Exam Technique Tips for STEP


Rowan Wright

STEP is a notoriously challenging admissions test: developing an effective strategy for the exam is crucial in achieving a high mark, in addition to cultivating a sharp instinct for solving difficult problems. Frequent, diligent use of past papers is the best way to develop good exam technique. This article outlines our general advice on timing, question choice, and written presentation.


You may attempt up to six questions. Although common guidance is to aim to do ‘four questions well’, it is generally more effective to aim to do ‘six questions decently’. It is often much easier to gain marks in the earlier parts of the questions, and there is no special advantage given to students who complete a question fully over students who complete three quarters of the question. Don’t fixate on getting the very last part of the problem, and be prepared to move on, even if you haven’t completed every part of a question.

Question Choice

  • Question choice is extremely important for STEP because you will only attempt (at most) half of the questions on the paper. It is worth allocating a certain amount of time – perhaps 5-10 minutes – to read through all of the questions carefully and make your choice.
  • In addition to prioritising topics that you tend to prefer, or questions where you have a good idea of what to do, an important criterion that might motivate your question choice is if they are similar to past paper questions you have completed.
  • Question 1 is designed to be more accessible, which, in practice, means it is easier. Therefore, you should plan to attempt Q1, unless it turns out to be on a topic that you very strongly dislike. Q2 is also typically a little more straightforward than the other problems, so it is worth serious consideration. Otherwise, the questions do not get more difficult as the paper progresses, so the question number should not be taken into account when you choose your questions.
  • Don’t be fooled into thinking that a question that looks very long or has many parts is going to be longer or more difficult. In fact, such questions are often more straightforward because the question is guiding you through the solution step by step. Often, questions that look briefer on the page are more challenging.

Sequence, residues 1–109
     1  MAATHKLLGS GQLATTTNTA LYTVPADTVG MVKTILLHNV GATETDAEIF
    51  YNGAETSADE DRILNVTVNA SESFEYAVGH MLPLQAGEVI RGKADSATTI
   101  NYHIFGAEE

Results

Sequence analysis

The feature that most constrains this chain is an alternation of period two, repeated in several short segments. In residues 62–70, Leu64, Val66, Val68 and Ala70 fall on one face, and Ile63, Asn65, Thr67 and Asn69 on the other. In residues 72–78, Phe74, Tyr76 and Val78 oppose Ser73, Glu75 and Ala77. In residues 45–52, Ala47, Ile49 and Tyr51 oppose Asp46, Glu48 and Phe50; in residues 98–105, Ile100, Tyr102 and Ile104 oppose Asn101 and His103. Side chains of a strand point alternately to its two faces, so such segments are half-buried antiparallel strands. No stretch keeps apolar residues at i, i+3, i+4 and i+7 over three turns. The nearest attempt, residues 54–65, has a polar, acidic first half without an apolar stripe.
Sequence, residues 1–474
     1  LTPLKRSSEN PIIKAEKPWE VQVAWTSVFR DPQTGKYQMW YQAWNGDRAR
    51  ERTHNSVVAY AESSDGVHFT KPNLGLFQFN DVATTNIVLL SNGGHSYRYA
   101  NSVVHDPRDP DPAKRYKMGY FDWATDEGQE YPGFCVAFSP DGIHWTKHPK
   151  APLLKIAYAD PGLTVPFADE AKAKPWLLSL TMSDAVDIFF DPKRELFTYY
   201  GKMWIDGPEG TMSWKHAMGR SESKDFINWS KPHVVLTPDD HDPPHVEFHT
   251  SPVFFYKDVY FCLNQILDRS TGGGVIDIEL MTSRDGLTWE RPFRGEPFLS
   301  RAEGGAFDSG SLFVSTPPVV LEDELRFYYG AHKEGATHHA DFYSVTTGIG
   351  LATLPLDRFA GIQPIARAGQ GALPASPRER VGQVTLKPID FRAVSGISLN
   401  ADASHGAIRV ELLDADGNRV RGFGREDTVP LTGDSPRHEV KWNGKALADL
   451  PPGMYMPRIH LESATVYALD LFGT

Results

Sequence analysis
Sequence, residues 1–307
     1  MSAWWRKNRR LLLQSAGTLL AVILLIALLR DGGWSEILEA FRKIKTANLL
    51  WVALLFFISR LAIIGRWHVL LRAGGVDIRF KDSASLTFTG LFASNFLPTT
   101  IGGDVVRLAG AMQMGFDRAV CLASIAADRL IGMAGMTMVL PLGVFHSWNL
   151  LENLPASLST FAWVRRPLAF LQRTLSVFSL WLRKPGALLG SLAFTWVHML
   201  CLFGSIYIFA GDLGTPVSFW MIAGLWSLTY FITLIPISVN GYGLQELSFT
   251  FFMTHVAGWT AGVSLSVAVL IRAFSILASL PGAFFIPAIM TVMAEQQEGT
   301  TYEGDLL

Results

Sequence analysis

• Pay attention to terminology used in the questions. ’Deduce’ means that you need to use the result you have just found or proved. ‘Write down’ or ‘state’ means that no substantial workings should be needed. ’Hence’ means that you must use the result you have just proved in order to gain the marks.

Written Presentation

  • STEP examiners are particularly strict when it comes to clarity of written presentation and explanation. If you are doing anything more complicated than algebraic rearrangement, you should include written remarks explaining your logic and any required justifications. (For instance, if you divide an equation through by something, explain why you know it’s non-zero and therefore legitimate to do so.) Examiners will be especially strict in the case of ‘show that’ questions because candidates may bluff.
  • If you have learned any off-syllabus ideas, such as L’Hôpital’s Rule, take extra care in your presentation. For example, if using L’Hôpital’s Rule for:

you must manually verify that f(c) = 0 and g(c) = 0. The examiners’ attitude is that if students are trying to be clever by going off-piste ,they had better do it right!

  • As a result of the increased mathematical maturity you are expected to show in STEP problems, it can very often be helpful to reason graphically, geometrically or pictorially rather than solely algebraically. As such, drawing a quick sketch or diagram- whether of a function or something else pertaining to the problem - can often be very helpful, even if the question doesn’t specifically ask you to.

Getting Unstuck

When stuck, one of the best strategies is to look back at earlier parts of a question. Sometimes, a result you proved earlier is now applicable, or it might be a matter of reapplying a method which you used earlier. Very often, a question will first guide you through applying a new method step by step, then expect you to apply it independently to another problem later on.

If you can’t solve one part of a problem, it doesn’t mean you can’t move onto the next part. It is not uncommon for students to be unable to solve the middle section of a question then find the remainder straightforward. Note that, even if you have been unable to prove a ‘show that’ result, you are still allowed to assume the result in your work for the later parts.


For more advice on your STEP preparation, please see our article 'How to Prepare for STEP' or book a free consultation with Vantage founding director and STEP expert, Rowan Wright.